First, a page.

As he did in his critically acclaimed debut novel, Kapitoil…Mr. Wayne seems intent on satirizing the absurdities of late-stage capitalism. In this case he sends up America's obsession with celebrity and the insatiable, implacable fame machine that eats up artists and dreams, lacquers the talented and untalented alike with glitz, and spits out merchandise and publicity in a never-ending cycle of commodification…What makes Mr. Wayne's portraits of Jonny, his mother and the tour staff so persuasive—and affecting, in the end—is his refusal to sentimentalize them, combined with his assiduous avoidance of easy stereotypes…Mr. Wayne depicts Jonny as a complicated, searching boy, by turns innocent and sophisticated beyond his years, eager to please and deeply resentful, devoted to his unusual talent and aware of both its rewards and its costs. This is what makes The Love Song more than a scabrous sendup of American celebrity culture; it's also a poignant portrait of one young artist's coming of age.
The Washington Post - Steve Donoghue
Fans of Wayne's sharp debut novel, Kapitoil, which won the Whiting Award, will delight in his signature deadpan wit here…There's greater complexity and warmth in this new book, though. Wayne gets in well-aimed jabs at the big business of contemporary stadium-rock, but at its heart The Love Song of Jonny Valentine is about a boy in a desperate hurry to grow up. We aren't even vaguely tempted to snicker.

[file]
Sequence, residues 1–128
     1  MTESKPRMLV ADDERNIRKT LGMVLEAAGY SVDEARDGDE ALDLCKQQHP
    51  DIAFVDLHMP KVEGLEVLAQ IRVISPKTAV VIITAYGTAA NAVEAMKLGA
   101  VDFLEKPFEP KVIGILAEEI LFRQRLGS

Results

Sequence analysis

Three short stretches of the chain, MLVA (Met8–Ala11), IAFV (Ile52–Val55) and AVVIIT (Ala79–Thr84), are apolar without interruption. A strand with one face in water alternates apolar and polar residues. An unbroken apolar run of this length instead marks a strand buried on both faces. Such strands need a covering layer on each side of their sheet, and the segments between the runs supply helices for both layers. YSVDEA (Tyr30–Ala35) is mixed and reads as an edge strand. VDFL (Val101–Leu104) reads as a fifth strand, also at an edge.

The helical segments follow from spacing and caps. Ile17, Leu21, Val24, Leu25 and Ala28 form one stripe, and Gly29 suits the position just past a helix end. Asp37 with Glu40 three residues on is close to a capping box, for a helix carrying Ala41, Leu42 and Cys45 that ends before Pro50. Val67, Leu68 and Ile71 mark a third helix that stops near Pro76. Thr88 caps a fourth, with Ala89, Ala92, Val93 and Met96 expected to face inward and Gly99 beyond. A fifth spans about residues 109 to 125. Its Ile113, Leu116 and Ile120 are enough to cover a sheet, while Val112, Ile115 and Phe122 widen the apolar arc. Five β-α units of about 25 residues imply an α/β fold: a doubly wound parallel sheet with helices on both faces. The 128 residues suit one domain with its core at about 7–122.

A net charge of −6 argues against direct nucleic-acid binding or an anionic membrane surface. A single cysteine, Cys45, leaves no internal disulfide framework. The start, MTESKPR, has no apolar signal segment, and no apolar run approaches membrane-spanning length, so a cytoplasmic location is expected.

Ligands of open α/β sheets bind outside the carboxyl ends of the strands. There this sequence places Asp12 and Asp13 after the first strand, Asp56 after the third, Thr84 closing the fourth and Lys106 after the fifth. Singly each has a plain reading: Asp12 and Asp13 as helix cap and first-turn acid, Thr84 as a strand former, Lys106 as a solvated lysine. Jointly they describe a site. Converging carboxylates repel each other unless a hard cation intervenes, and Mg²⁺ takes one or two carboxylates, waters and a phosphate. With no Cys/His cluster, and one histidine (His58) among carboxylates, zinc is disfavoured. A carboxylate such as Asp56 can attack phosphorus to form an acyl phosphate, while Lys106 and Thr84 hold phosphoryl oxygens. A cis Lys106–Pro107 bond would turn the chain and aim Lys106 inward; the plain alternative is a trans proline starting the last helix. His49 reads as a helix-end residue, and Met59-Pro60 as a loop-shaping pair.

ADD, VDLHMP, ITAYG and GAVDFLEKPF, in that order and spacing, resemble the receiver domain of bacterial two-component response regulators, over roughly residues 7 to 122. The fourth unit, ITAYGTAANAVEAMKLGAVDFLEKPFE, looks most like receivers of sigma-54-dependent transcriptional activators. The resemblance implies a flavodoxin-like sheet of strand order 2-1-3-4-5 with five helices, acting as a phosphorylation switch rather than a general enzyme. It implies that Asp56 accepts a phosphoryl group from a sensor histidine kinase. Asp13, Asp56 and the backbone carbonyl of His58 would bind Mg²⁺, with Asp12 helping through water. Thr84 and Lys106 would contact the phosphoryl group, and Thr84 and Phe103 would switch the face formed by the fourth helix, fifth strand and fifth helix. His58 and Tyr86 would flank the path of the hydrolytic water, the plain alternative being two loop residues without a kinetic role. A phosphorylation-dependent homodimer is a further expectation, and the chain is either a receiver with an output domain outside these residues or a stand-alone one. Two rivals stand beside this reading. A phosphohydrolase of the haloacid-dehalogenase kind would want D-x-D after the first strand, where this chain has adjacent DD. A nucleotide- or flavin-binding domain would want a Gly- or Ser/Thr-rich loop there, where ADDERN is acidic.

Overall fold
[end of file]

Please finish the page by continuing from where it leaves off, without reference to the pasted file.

The New York Times Book Review - Jess Walter
Poor Jonny Valentine, the über-talented Bieberesque hero of Teddy Wayne's new novel…Onto these thin, prepubescent shoulders, the very funny Wayne has heaped the full weight of our obnoxious, vacuous, fame-sodden culture. It speaks well of both Jonny and his creator that the result is this good, a moving, entertaining novel that is both poignant and pointed—a sweet, sad skewering of the celebrity industry…in the end it's the voice that pulls you into this novel. Embodying a character who might otherwise be easy to dismiss, Wayne has crafted a funny, affecting tour of our cultural wasteland.
Publishers Weekly